Off to save the English language

Educators design program, biking to raise awareness

By Katheran Wasson Published:

Steve Stewart will climb onto his bicycle next week for a 3,600-mile tour across 10 states to bring attention to an educational program he designed that pairs phonics with physical activity.

“Sound Off! Movement Adventures” turns kids into secret agents as they work to save the English language from a former agent gone rogue.

The video series debuted Monday at Second Street School, as Stewart, dressed in all black, led kindergarten, first- and second-graders in their first mission.

Stewart has stockpiled six weeks of vacation time for the trip, which he’s named “The Integrity Challenge.” The idea is to promote the program, which he’s offering at cost to schools nationwide for 60 days.

He’s traveling to the capitals of the 10 states with the highest childhood obesity rates, pulling a cart behind him with his belongings. He must average 100 miles a day to meet his goal – he realizes how crazy that sounds.

“I don’t ride bikes, either,” he said, with a laugh, after the kids headed back to class Monday. “I started training two months ago.”

Stewart, 41, is already in shape, but he knew he needed to prepare for his journey. He spends three hours a day on a stationary bike and rides on the road two days a week, averaging 60-70 miles per trip.

His itinerary will take him from Frankfort to:

>Springfield, Ill.

>Little Rock, Ark.

>Austin, Texas

>Baton Rouge, La.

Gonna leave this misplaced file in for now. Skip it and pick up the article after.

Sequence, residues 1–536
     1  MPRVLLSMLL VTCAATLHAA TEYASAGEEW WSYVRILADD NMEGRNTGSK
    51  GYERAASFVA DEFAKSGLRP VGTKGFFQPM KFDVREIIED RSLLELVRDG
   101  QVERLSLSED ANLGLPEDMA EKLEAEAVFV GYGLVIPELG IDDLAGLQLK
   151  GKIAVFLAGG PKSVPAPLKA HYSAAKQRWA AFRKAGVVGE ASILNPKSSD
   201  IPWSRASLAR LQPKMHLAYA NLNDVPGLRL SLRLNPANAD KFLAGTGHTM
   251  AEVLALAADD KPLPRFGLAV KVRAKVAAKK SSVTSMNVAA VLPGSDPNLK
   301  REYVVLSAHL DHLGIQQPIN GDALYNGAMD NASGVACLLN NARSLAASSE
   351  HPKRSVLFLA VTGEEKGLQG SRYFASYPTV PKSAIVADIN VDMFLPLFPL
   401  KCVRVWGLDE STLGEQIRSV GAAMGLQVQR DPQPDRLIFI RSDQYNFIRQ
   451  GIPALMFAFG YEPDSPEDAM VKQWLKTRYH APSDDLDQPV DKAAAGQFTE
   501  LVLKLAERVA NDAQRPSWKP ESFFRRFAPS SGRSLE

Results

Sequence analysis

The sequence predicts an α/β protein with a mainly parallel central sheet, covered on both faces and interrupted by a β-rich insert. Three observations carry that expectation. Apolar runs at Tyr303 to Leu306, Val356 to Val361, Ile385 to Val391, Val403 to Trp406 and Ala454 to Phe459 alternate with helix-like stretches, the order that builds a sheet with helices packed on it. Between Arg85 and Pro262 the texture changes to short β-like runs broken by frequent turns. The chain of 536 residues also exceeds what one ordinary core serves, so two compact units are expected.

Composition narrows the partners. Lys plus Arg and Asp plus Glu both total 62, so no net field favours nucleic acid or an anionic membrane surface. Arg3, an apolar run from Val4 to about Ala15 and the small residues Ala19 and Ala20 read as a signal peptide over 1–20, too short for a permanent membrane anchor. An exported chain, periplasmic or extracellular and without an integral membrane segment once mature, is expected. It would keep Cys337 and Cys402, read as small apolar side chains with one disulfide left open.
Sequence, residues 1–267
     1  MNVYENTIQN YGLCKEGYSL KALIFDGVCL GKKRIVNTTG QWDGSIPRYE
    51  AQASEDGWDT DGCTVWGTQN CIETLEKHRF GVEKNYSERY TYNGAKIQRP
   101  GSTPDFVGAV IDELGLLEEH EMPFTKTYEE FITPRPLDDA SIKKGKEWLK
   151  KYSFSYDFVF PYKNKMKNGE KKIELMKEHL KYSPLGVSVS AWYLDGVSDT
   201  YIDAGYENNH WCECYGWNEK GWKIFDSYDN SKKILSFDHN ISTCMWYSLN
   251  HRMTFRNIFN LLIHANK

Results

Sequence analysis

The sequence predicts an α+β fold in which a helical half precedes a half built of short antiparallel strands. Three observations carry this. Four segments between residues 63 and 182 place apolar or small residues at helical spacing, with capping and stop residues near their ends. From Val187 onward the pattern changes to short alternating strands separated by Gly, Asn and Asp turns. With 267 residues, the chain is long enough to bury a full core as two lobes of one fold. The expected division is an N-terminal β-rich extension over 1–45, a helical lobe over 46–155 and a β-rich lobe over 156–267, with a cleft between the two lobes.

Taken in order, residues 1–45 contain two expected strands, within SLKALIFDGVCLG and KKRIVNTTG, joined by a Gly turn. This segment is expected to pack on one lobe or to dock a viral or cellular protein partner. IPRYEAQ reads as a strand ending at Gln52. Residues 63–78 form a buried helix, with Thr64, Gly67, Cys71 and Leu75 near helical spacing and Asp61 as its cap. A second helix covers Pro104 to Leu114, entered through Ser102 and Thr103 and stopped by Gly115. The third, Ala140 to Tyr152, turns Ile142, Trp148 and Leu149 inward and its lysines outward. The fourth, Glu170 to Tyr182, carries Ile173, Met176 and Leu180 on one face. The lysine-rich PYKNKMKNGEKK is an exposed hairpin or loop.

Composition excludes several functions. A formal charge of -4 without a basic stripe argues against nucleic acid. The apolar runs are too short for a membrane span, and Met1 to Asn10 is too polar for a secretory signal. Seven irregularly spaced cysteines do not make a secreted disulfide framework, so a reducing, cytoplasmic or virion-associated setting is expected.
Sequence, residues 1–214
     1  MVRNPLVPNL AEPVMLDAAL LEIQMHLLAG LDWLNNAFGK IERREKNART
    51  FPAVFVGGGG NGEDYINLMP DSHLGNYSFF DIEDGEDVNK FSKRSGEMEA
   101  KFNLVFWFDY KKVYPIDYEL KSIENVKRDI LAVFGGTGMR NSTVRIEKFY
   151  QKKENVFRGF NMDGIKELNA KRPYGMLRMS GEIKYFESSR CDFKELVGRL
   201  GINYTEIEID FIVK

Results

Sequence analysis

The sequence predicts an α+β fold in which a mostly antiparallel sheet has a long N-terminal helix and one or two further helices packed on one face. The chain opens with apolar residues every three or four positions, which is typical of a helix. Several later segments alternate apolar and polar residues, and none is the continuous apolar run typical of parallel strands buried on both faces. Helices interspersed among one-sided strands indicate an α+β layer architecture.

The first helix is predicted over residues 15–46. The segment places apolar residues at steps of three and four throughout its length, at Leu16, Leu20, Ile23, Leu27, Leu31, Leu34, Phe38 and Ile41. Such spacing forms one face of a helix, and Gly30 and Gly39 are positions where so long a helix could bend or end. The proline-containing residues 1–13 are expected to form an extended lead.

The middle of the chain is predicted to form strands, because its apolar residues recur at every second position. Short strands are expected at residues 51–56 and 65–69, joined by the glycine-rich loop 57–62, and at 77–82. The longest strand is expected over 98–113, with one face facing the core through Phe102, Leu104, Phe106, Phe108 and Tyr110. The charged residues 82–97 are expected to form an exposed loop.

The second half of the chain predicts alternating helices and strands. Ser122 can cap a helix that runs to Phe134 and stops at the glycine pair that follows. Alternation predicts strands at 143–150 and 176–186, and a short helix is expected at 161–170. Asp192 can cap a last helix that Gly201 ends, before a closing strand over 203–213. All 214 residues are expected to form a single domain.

>Jackson, Miss.

>Montgomery, Ala.

>Atlanta, Ga.

>Nashville, Tenn., and

>Charleston, W.Va.

He plans to finish the tour in Washington, D.C. on the Friday before Election Day. The marathon trip would take about 60 hours by car.

“My goal is just to spread the word,” he said. “It’s just a way to get out there and meet the community.”

Stewart, who has a degree in special education, started building “Sound Off! Movement Adventures” 12 years ago when he worked at a school in Tallahassee, Fla.

He was focused on fitting more physical activity into the school day when his superintendent asked if he could incorporate reading to take advantage of a grant the school district had received.

“I just took everyday activities we were already doing – worksheets, learning centers, small group activities – and started playing with them in a video format, trying to get it in a form that would be usable,” he said.

“It eventually morphed into this.”

Stewart left the classroom five years ago to spend more time developing the program. He’s back in his hometown of Frankfort, working for the Kentucky Higher Education Student Loan Corp. at night and visiting schools during the day.

He’s collaborated with other educators, including Frankfort residents Kim Willhoite, principal of Clear Creek Elementary in Shelby County, and her husband, Rusty, and Katie Havelda-Dent, a school counselor in Bourbon County.

Web designer Larry Stafford and videographer Austin Wilder have produced the 70 DVD series and soon-to-launch website.